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  • Hui Hui Lee, RD/LD

Fight Against Breast Cancer

(Image credit to National Day Calendar)

Oh boy, this month has just gone too quickly, we are ready half way thru October. October is the breast cancer awareness month. It is a devastating illness and most commonly affects women. All women are at risk of developing breast cancer, and of course some are more vulnerable than others. The risk factors of breast cancer are increasing age, family history, genetics, early onset of menstruation (before 12 years of age), and women who are on hormone replacement therapy.

There are ways to reduce the risk of developing breast cancer. A few points to reduce your risk include maintain a healthy weight, be physically active, and adapt healthy eating habits.

Foods that are packed with dietary fiber, vitamins, minerals, and phytochemicals may have benefits of protecting our cells from developing certain cancers.

Eat a variety of different color non-starchy vegetables: cruciferous, dark leafy vegetables. Eat fruits that are high in antioxidants: berries, citrus fruits, pomegranates. Choose whole grains: quinoa, oats, brown rice, barley, buckwheat. Try legumes as your alternative protein source: beans, peas, lentils, and soy.

I was browsing for a recipe idea that contains all the nutrients I mentioned above and found this wonderful recipe - a colorful beet salad with carrot, quinoa, and spinach. To be honest, I was a little skeptical about adding beets to a salad, but was quite surprised and pleased with the taste. Please refer to Cookie and Kate for the recipe.

Let me break down the nutrient contents of the main ingredients of the recipe.

Beets: the recipe calls for beetroot which is rich in fiber, vitamin C, potassium, dietary nitrate, antioxidant (betalain) (Thalheimer, 2016)Spinach: a dark leafy veggie which is a good source of antioxidants (flavonoid), calcium, potassium, fiber, folate, and vitamins A, C, and K. Not just that, it also is packed with iron and vitamin E. Quinoa: an ancient grain which contains a complete protein. It is also rich in iron and phosphorus (Getz, 2014). Phosphorus is known for strengthening bones/teeth, managing our body’s energy usage/storage, helping muscles contract and recover after exercise, filtering/removing waste from kidneys, and making DNA/RNA (Fletcher, 2019). Edamame: it is a whole, immature soybean. I am sure many of you have heard the bad reputation of soy and breast cancer. It is actually a myth. Soy is well-known for its antioxidant and anti-inflammatory properties that have benefits over reducing cancer growth and risk. The American Institute of Cancer Research (AICR), the American Cancer Society (ACS), and the National Cancer Institute (NCI) recommend that one to two servings of whole soy foods per day are safe for everyone (including breast cancer survivors and those at high risk of developing breast cancer). NOTE: the recommendation emphasizes whole soy foods such as soymilk (unsweetened), soybeans, tofu, miso, tempeh. The recommendation does not recommend the use of soy protein isolate supplements (Buchan, 2018).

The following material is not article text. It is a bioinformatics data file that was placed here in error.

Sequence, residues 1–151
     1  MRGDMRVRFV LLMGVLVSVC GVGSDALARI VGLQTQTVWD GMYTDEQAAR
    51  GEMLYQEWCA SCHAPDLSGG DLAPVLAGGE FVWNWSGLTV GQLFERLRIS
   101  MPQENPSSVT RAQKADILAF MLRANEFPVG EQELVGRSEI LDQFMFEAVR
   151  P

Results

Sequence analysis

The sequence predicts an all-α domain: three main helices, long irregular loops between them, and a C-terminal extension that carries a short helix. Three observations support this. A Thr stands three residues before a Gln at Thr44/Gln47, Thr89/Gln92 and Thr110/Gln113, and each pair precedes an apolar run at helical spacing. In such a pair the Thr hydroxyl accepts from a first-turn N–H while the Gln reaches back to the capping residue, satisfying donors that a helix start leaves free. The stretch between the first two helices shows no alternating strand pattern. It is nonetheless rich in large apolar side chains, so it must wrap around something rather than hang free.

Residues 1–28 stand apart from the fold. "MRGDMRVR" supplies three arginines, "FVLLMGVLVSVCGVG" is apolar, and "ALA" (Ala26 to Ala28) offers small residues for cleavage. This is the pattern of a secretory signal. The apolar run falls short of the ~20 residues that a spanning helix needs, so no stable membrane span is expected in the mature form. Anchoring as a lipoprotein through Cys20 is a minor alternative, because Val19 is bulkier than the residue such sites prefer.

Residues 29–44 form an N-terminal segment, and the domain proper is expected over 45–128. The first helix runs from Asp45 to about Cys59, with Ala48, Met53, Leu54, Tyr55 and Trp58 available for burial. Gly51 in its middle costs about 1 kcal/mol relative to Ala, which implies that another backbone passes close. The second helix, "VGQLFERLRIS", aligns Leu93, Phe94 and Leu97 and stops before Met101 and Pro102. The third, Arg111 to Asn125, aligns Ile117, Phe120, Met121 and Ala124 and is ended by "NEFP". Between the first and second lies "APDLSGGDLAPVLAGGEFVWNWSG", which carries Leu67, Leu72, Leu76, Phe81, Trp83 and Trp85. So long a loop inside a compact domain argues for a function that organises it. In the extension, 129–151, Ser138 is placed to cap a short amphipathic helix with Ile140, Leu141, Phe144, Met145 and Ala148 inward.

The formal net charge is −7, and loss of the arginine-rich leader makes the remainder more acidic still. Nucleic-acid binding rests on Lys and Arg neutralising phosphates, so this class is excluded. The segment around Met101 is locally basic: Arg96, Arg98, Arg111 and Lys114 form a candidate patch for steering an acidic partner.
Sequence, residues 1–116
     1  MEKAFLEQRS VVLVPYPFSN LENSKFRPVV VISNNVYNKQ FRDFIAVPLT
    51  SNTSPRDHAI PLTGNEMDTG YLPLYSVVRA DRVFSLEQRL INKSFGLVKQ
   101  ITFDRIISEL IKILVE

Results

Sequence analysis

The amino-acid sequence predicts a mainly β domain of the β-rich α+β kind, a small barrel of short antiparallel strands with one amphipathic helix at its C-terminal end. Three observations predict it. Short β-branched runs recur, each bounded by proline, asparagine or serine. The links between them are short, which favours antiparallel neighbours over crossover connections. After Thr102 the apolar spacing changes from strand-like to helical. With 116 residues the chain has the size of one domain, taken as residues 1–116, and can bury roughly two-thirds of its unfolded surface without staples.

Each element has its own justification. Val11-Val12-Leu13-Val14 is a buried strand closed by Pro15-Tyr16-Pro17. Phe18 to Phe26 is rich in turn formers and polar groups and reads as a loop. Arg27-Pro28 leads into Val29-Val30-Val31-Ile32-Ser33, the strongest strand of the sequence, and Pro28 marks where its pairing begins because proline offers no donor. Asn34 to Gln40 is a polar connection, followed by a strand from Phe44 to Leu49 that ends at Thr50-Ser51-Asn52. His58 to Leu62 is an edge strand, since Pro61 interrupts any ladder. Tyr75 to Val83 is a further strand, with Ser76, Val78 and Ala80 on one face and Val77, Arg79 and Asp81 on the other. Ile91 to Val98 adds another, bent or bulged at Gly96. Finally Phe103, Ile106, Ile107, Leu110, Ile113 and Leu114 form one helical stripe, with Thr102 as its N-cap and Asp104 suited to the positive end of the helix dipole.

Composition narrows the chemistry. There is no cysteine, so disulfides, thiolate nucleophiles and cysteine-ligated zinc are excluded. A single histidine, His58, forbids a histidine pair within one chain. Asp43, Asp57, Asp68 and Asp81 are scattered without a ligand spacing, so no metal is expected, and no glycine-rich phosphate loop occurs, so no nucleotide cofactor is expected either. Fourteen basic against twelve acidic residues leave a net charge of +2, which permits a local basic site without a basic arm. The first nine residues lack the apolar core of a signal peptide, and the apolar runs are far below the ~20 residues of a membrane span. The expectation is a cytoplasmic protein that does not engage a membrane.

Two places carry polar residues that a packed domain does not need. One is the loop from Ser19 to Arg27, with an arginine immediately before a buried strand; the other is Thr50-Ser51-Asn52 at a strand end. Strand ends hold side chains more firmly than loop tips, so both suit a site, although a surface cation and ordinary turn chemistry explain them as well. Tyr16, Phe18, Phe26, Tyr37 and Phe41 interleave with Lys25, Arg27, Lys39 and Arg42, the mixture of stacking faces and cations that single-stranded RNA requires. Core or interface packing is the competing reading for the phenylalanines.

Buchan, K. (2018). Soy and breast cancer: An in-depth review of the research. Today’s Dietitian, 20 (7), 48. Retrieved from

Getz, L. (2014). Enjoying Ancient Grains. Today’s Dietitian, 16 (9), 46. Retrieved from

Fletcher, J. (2019). What are the health benefits of phosphorus. Medical News Today. Retrieved from

National Day Calendar (2019). Logo of breast cancer awareness month [Digital image]. Retrieved from

Thalheimer, J. C. (2016). Ruby Red Produce. Today’s Dietitian, 18 (12), 22. Retrieved from

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